Translated and corrected: April 1997
|This is a translation of an interview with Piotr Wozniak published in Bajtek 7/94 (p. 18-19), Poland. Texts in square brackets are comments of the translator|
JM: We speak English which might surprise our Polish readers. What is the history of SuperMemo and your personal life? The program is considered something extraordinary. I also believe in its revolutionary nature. Could you start with a few words about your roots and the family? Is SuperMemo somehow related to the fact that you prefer to speak English?
PW: Indeed there are strong connections [between the idea of a universal language and developing SuperMemo] but ... this is a long story. I will just tell you that initially I had lots of difficulties with promoting SuperMemo. I had no money, I could not find buyers and I was also wary of profit-hungry investors. I did not have a father. My sister was 17 years older and brother 16 years older. My siblings acted as an extra pair of parents. My brother was tutoring me a lot on geography, math and many other subjects. This is very good for a young man's development. When I went to school I was just exploding with desire to show what I have learned. Knowledge and the possibility to demonstrate it were the highest gratification. I was mad about chemistry and biology. I wanted to study biology to understand the way the human brain works. At home I kept dozens of animals. I was collecting all knowledge in piles of notebooks. Quickly I realized that it all cannot be kept in memory with traditional methods. There was more and more material to learn. Rehearsing this all verged on an impossibility. I needed more tricks and intuition to cope with it
JM: Which year was it?
PW: This pile-up of unmanageable knowledge was most painful in 1982. In 1983, I started systematic research on how repetitions affect the ability to recall information. I was then the third-year student of biology. I knew that intervals between successive repetitions should increase. I wanted to find how much they should increase exactly
JM: Were you a good student then?
PW: No. Just the opposite. First of all I would not attend lectures. I found studying books of more benefit. Secondly, I would not spend my time on stuff that was not within my focus of interest. I would not care about the taxonomy of leeches or bryophytes. On the other hand, I was dying to know more about humans, physiology, brain, health, etc. I was all the time in conflict with teachers [about not attending lectures]. At the same time, I worked hard to gain new knowledge. That was most important. Initially, my favorite subject was ... how to prevent aging. I sensed that with some little tricks at the molecular level, we could greatly enhance longevity. At the same time, I continued my interest in memory and learning. I started even thinking about a computer program that would help this idea. When I was graduating from molecular biology, the outline of SuperMemo was ready on paper
JM: Which year was it?
PW: 1985. I graduated from molecular biology and immediately went on to study computer science
JM: From scratch?
PW: Yes. I enrolled on a full five-year program
JM: You must have been a sort of eternal student looking for a formula to keep young by staying at the university?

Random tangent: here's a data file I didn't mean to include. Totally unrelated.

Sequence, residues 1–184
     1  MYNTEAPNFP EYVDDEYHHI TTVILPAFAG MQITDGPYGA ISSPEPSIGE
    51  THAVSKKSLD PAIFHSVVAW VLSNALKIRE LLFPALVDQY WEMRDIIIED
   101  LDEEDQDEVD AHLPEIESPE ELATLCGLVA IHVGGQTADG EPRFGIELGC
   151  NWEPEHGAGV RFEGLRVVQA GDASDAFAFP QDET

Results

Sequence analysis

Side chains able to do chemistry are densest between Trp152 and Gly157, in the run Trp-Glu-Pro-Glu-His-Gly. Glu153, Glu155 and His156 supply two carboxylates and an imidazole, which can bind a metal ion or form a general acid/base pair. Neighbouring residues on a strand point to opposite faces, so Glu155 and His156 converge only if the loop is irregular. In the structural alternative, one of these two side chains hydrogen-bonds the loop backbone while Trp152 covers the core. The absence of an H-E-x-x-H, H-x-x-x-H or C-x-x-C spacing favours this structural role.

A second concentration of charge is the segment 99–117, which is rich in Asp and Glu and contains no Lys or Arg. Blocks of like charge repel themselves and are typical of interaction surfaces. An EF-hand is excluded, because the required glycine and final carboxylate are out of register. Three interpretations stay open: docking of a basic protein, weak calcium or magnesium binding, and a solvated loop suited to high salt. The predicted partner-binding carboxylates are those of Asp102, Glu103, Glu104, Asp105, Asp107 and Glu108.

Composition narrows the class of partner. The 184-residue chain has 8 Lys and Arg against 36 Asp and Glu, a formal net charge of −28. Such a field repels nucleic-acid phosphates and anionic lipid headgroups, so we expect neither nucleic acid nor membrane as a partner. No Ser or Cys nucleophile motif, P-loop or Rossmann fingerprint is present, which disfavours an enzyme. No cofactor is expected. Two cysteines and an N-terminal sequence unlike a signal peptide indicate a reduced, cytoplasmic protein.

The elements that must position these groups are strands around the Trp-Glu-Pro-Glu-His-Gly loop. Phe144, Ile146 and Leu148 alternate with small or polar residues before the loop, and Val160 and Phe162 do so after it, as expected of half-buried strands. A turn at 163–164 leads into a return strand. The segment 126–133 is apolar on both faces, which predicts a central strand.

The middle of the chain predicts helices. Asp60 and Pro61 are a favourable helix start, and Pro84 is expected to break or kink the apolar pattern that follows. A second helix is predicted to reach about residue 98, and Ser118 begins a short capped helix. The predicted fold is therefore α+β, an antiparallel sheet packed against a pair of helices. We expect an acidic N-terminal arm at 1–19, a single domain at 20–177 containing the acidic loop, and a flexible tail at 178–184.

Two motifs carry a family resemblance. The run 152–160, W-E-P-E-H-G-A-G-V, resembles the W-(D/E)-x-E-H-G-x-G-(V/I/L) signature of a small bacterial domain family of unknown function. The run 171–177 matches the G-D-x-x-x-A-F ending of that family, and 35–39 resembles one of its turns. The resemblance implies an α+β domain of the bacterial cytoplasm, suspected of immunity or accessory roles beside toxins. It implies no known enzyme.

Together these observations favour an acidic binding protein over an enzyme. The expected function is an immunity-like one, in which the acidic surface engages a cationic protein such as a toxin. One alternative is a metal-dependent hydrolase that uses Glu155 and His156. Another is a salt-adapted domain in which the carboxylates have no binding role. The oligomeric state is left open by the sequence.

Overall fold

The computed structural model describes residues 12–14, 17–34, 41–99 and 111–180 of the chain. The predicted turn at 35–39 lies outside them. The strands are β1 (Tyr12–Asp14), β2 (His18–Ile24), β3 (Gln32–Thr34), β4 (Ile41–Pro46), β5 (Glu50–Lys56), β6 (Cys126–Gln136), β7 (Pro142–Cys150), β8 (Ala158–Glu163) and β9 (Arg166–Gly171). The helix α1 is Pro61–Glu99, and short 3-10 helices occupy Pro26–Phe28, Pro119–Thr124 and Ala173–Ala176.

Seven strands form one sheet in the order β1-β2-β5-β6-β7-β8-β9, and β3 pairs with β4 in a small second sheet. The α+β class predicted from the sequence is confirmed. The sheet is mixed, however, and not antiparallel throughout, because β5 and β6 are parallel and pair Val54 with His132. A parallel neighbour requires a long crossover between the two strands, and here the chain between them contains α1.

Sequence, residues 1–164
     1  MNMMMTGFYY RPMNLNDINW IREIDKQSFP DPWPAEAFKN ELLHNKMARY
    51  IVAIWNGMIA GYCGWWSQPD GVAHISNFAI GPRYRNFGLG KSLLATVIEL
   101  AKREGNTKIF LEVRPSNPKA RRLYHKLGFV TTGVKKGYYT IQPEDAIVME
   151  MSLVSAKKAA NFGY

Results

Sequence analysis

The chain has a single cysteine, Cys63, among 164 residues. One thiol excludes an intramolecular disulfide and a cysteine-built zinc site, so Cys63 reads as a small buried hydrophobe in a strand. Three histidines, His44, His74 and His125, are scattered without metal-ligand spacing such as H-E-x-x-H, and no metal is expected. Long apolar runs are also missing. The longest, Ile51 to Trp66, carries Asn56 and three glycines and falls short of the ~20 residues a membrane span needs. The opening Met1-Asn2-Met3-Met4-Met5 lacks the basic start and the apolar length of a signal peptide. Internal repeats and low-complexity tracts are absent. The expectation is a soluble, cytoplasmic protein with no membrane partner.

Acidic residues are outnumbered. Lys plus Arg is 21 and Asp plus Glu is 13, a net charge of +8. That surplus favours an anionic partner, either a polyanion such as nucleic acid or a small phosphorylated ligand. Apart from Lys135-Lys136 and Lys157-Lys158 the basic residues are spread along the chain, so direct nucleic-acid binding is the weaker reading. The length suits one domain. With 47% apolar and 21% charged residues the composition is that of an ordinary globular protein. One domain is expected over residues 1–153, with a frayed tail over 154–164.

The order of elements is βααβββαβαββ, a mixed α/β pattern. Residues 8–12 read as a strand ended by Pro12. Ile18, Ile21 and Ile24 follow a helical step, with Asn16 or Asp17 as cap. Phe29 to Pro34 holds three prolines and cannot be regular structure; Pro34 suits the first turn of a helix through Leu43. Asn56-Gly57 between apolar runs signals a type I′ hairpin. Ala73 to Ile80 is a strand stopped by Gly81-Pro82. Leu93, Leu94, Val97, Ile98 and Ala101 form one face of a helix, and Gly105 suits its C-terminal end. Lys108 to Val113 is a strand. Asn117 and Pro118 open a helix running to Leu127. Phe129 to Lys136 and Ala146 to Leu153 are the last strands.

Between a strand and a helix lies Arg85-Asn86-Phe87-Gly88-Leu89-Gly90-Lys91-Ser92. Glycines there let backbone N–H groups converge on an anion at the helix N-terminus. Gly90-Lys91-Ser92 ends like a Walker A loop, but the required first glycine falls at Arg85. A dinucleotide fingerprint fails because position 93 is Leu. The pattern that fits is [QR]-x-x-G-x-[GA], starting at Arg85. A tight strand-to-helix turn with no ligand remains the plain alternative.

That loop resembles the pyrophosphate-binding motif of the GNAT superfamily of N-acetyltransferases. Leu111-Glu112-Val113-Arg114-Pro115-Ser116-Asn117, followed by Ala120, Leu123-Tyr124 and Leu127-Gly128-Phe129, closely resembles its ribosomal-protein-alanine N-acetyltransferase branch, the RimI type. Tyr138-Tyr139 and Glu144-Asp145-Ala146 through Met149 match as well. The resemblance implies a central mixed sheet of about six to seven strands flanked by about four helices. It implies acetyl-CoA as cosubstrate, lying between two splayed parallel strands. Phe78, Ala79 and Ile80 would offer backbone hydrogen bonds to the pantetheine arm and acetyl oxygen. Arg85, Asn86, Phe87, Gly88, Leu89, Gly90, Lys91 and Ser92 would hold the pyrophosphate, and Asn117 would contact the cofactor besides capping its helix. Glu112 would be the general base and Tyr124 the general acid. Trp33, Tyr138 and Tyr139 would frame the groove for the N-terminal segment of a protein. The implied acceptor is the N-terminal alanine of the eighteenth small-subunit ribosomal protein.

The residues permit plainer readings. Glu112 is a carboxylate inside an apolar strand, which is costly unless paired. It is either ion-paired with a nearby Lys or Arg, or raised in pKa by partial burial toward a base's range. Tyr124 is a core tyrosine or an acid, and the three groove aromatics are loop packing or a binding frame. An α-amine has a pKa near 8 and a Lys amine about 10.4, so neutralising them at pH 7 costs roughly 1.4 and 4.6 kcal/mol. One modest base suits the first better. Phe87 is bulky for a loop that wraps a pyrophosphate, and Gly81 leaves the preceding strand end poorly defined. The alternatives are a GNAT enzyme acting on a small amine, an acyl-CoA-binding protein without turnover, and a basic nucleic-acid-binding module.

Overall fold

PW: Not a all. I could have started working back in 1985. This was not a formula for having good time. I thought that armed with computer science, I will be able to get a job in the Institute of Biocybernetics [then newly created in Warsaw]. I wanted to do Big Science. I thought about biochemistry. My work in the laboratory showed me the gap between Polish science and the best labs in the west. I would not think of emigrating. I was too patriotic then. I could not have left the system that had paid for my education. Because of miserable status of experimental science, I decided to drift into theoretical biology. I wanted to study mathematics, physics or computer science. I had lots of ideas, and I knew that with a computer you can find things that would require years of labwork
JM: Did you graduate from computer science?
PW: Yes. Five years later
JM: What happened to SuperMemo?
PW: In May 1985, before graduation, I started my repetitions. The general outline of the learning algorithm was ready. Repetitions were made on paper but after a year I started realizing that this is an extremely effective method
JM: What did you use the method for? For learning biology or English?
PW: Both. Later, when I started studying computer science, I really started getting crazy about English
JM: Was it the time when you started speaking English in Poland?
PW: Not yet
JM: So when did you get this habit?
PW: First of all, I started from being an enthusiast of one language for the world and Esperanto. I even used to write my personal diary in Esperanto. However I was disappointed with lack of scientific literature in the language. Then I entered a loop of positive feedback between English and new knowledge. I read too little scientific literature due to a poor command of the language. The more I read, though, the more I realized what an ocean of information is taken away from me. I was isolated from the world's culture by knowing only my native Polish. Add to this communist propaganda in Polish media and you will see how I was made stupid and unaware. I knew biology and some other stuff, but I knew nothing about economics, politics, sociology, etc. I could not listen to the BBC or Voice of America because I was limited to a single language. However, when I could hear the "bad boy" Reagan speaking his own words, the world seemed to have been all turned around [bad boy was not that bad after all]. I understood that the faster I and others learn English, the faster we will truly understand the world. I wasn't then much focused on SuperMemo. I was generally interested in computer modeling of biological processes. However, learning English and my growing paper "databases" continually brought the subject of learning into my attention. Ultimately, I concluded that I desperately needed a computer program to handle the SuperMemo method. I was then making repetitions of whole pages that contained material of different difficulty. Computer could manage processing each single item separately. This would greatly increase the speed of learning. In late 1987, I finally wrote the first version of SuperMemo in which all elements were classified for their degree of difficulty